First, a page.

Warp Drive

A warp drive is a device used to initiate and control a sustained warp reaction. Warp drives are primarily used in the propulsion of ships. A phased electromagnetic field is applied to the Veloxium core, which generates a physics bubble capable of producing and maintaining superluminal velocities when coupled with standard ship propulsion. Today the vast majority of starships use some form of warp drive, even for passage within the same system, and mankind continues to develop faster, more efficient methods of interstellar travel.

Mechanism

If a shaped Veloxium core is saturated with an oscillating electromagnetic field, it produces a physics bubble that separates itself from the rest of the universe. The precise size, direction, and strength of the field can be controlled via the shape of the core, the oscillation frequency, the field strength, and other factors. If this field is applied to an object that is already accelerating in a particular direction, it sends the bubble and its contents forwards at luminal or superluminal velocities in that same direction. The object in question must meet certain acceleration requirements in order to breach the light barrier; thus, as the warp drive is rather bulky on its own, it is impossible for warp drives to be installed on most smaller craft unless they themselves are under the force of acceleration from a difference source. In the same way, the size of a craft can also limit its maximum self-generated maximum warp.

Warp level speed in c speed by time time to cross galaxy Year of discovery
by humans
Year of discovery
by aliens
0 1 1 ly/year 110000 years 2078 7907 BC: Bhez
1 8 8 ly/year 13750 years 2130 7146 BC: Bhez
2 30 30 ly/year 3667 years 2200 6909 BC: Bhez
3 94 90 ly/year 1195 years 2264 6384 BC: Bhez
4 256 21 ly/month 430 years 2321 8627 BC: Plodus
5 632 12 ly/week 174 years 2383 5268 BC: Bhez
6 1462 27 ly/week 75 years 2458 4671 BC: Qyrax
7 3215 62 ly/week 34 years 2540 4043 BC: Qyrax
8 6784 19 ly/day 16 years 2623 3380 BC: Qyrax
9 13824 37 ly/day 8 years 2700 2672 BC: Bhez
10 27350 75 ly/day 4.5 years 2763 1911 BC: Bhez
11 52743 144 ly/day 2 years 2828 1083 BC: Bhez
12 99447 11 ly/hour 13 months 2901 165 BC: Bhez
13 183792 21 ly/hour 7 months 2966 880 AD: Bhez
14 333628 38 ly/hour 4 months 3039 2127 AD: Fysar
15 595858 68 ly/hour 2 months 3123 unsolved
16 1048576 120 ly/hour 5.5 weeks unsolved
17 1820416 208 ly/hour 3 weeks unsolved
18 3121198 356 ly/hour 2 weeks unsolved
19 beyond theoretical safe limit

Where x is warp level: w[x] = √(64x)^√x
Technically, warp 18 is 0.3% beyond the theoretical safe limit (3111696c), but it is commonly accepted that with the use of other anomalous materials it might be bumped up very slightly to permit Warp 18 travel.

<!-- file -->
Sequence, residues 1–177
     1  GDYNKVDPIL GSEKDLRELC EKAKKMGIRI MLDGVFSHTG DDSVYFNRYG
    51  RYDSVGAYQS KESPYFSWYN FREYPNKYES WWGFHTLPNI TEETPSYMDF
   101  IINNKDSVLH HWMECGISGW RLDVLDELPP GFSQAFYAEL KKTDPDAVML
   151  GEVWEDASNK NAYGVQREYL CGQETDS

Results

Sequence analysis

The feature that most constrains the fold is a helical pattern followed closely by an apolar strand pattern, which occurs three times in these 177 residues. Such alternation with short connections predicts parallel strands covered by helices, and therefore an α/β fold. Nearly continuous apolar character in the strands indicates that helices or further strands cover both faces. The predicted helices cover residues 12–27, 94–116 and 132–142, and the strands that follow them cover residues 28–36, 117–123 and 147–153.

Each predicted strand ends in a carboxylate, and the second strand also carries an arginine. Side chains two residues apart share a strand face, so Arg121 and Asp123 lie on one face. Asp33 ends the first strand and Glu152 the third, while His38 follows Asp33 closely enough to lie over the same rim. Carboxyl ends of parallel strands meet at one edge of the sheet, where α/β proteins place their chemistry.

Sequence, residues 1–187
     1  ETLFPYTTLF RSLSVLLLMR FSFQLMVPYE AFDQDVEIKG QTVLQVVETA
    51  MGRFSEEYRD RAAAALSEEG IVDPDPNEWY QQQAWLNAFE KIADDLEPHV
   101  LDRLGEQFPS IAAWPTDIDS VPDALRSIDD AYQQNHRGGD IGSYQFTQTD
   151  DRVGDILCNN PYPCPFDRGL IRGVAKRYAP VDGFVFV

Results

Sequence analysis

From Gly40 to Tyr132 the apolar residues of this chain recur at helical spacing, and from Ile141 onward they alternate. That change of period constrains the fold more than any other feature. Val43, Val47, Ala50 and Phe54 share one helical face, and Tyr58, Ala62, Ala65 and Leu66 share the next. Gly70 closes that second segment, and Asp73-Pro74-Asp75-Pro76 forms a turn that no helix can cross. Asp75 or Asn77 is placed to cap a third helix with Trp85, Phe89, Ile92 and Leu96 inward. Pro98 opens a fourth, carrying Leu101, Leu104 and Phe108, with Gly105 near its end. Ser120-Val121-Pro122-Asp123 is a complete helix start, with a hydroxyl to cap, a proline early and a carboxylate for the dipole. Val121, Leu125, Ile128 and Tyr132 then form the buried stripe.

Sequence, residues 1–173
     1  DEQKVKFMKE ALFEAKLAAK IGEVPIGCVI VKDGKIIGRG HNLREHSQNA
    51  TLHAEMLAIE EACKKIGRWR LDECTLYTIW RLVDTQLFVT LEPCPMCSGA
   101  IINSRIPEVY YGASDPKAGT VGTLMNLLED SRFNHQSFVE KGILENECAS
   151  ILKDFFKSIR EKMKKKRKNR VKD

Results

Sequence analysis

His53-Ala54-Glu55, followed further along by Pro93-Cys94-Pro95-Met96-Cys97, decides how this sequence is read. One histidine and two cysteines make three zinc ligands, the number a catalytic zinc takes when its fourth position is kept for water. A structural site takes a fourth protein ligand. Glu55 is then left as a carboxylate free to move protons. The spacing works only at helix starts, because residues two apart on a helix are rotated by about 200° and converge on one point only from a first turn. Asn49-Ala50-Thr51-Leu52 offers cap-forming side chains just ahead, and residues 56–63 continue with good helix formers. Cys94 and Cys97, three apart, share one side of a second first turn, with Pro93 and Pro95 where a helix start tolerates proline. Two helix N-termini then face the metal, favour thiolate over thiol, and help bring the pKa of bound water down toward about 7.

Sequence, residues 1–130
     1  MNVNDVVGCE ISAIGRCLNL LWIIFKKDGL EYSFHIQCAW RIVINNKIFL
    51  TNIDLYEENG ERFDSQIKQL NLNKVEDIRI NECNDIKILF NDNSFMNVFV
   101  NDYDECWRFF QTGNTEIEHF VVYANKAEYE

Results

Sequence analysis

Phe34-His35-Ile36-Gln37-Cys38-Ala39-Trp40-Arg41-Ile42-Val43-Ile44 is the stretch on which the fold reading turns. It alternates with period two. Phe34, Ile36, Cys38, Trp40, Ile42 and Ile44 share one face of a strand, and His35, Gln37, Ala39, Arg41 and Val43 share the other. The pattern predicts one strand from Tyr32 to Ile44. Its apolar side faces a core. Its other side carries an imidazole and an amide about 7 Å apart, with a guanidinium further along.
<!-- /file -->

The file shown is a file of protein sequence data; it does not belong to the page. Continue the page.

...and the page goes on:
History

In the year 2027, an Old Earth company called NASA successfully managed to put an unmanned rover on the surface of Europa, with the intent of learning as much as possible about the icy moon. Upon arrival, they began discovering traces of a strange material that didn't register properly with their sensors. It quickly captured the imaginations of the public, not to mention those at NASA, and they attempted to find a larger source of the material during the course of the mission. Eventually, they did - a large chunk of it near the edge of a crevasse. NASA took a sample of this material and later brought it home in the return capsule. This capsule arrived back at earth in the year 2032. Upon processing this material, they quickly discovered that it simply did not fit into the table of elements, and for a time, that was all anyone knew about it. It was given the nickname "Europanite" and scientists continued to study it for the next seven years without any major discoveries.

In the year 2039, a major accident occurred in one of JAXA's laboratories when researchers tried running a powerful electromagnetic field around a piece of Europanite. This attracted a scurry of attention from press and members of the scientific community as researchers all over the world attempted to recreate the accident - with a fair degree of success. The power behind the explosions were found to be inconsistent with most established theories, and scientists rushed to develop new theories to fit these discoveries. It was determined that the Europanite seemed to create a field about itself that would accelerate it to speeds approaching that of light - at least while still in the field. Extending this field to encompass the whole of a spacecraft, however, was a different matter entirely, and a puzzle that continued to baffle scientists for decades, during which time "europanite" would be given the official name of "veloxium".

By 2064, the world's space agencies were beginning to construct various attempts at "warp probes" - probes that could travel at the speed of light or faster. Almost all of these were complete failures. Even by the year 2077, scientists were only managing a 25% success rate at short-term warp travel, and few of the probes actually managed to return. This discouraged any attempts at manned space travel… for a time. Finally, in the year 2089, mankind achieved the first manned warp space travel, from Earth, to Neptune, and back. Mankind, naturally, celebrated by trying to figure out how to get even further.

Components

((or: How To Build Your Own Warp Drive in Three Easy Steps))

Safety

((or: How We Use the Order of This Article to Cleanse the Gene Pool of Undesirables))

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